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21 November 2013 @ 10:55 am
Guest Post: On the Making of Jam  

All y’all know I like to make jams and things and although I can’t find a post talking about it, I did an experiment with my last batch of peach jam where I used about 30% less sugar because the stuff I’d made was So Sweet and So Stiff and because it had been years and years since I’d made jam and I’d *thought* that looked like an *awful* lot of sugar and the reduced sugar version turned out beautifully and not too sweet although I thought I could cut another half cup of sugar anyway

and

all of that got me and Mom talking about the sugar in jams and finding old recipes and now I have a guest blog post from her on her most recent Adventures In Jam Making!

Now then. Here’s a fascinating bit of information.

Back in the Olden Days, my cohorts and I used to make a lot of jam. Seriously. We’d spend days in late summer picking Alaska wild blueberries, strawberries no bigger than your thumbnail, and raspberries from the Sekrit Patch near Stormy Lake, and later on, loads of lowbush cranberries. We’d pick wild currants for jelly. The latter two didn’t need pectin, but for the other berries we used commercial pectin.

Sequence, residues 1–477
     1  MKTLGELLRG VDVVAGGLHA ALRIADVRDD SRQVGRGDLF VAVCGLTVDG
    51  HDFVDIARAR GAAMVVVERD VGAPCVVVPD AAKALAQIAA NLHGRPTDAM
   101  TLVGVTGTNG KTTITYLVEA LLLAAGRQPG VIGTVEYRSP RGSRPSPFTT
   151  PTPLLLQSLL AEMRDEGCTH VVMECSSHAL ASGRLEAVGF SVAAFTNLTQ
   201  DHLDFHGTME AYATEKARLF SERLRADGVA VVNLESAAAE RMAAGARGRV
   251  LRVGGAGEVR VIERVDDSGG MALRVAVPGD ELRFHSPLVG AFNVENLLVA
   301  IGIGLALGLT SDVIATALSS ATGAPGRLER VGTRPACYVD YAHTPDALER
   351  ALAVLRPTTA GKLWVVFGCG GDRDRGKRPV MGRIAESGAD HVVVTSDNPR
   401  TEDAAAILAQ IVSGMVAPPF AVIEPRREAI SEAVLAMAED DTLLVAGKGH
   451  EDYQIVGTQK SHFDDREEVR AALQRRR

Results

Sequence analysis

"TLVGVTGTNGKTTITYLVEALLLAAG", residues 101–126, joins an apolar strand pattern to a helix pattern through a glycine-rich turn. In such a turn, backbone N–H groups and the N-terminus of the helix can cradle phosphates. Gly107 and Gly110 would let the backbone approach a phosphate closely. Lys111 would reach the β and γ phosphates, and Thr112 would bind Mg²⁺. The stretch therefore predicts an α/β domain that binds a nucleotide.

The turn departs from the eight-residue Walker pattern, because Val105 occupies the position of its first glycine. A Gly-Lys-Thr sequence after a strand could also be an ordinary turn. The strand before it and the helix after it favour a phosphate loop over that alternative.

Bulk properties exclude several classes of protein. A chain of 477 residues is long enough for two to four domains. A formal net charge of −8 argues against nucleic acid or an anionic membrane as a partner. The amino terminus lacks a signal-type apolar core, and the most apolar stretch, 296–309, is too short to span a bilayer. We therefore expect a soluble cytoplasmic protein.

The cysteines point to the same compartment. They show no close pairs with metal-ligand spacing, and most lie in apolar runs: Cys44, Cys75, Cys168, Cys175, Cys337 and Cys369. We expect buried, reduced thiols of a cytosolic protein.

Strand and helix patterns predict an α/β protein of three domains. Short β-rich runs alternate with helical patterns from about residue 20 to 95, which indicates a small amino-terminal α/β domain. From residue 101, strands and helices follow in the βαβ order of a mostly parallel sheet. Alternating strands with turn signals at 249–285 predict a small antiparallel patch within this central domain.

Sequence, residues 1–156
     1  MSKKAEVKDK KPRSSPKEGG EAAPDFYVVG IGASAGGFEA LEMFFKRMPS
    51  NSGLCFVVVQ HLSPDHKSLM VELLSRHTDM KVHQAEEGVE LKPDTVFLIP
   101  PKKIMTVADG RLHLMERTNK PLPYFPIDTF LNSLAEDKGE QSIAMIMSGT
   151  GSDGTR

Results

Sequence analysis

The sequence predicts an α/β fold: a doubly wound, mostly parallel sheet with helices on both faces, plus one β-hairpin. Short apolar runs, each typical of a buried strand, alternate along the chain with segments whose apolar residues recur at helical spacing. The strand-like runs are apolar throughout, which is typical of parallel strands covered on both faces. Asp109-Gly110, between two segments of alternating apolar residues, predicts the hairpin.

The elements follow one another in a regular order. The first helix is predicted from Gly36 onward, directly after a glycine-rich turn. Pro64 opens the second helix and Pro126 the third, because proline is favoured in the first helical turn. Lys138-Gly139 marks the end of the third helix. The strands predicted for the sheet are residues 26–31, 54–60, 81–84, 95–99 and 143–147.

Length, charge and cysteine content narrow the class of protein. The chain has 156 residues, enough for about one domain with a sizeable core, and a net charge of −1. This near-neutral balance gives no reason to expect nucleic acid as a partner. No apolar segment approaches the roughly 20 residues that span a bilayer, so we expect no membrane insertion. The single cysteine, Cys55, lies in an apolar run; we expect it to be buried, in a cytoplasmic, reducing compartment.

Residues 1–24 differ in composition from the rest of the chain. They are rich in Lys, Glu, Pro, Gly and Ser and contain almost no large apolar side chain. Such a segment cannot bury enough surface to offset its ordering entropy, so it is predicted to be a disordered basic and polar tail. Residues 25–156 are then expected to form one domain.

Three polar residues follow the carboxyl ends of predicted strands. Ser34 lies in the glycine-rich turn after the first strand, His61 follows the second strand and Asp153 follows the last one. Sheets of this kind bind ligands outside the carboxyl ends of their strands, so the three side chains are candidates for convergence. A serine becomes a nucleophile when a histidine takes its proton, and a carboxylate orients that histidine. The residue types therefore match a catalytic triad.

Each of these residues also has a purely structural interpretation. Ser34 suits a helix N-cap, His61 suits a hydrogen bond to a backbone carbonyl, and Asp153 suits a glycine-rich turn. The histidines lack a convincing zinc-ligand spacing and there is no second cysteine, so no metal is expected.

In the last several years and more lately in the last one or two, the jams have begun to taste a lot more like sweet than like the fruits they’re made from. I began to suspect that Sure Jell and Certo had changed the proportions. In the spirit of investigation, I inquired of a friend of mine (who shall here remain nameless unless she wishes to comment because she may not want to own up to having pectin with a pull date of 1999 on her shelves) whether she had any old pectin, and if so, could she have a look at the proportion of fruit to sugar. I was specifically interested in blackberries and strawberries, as Farmer Tom grew both this past summer.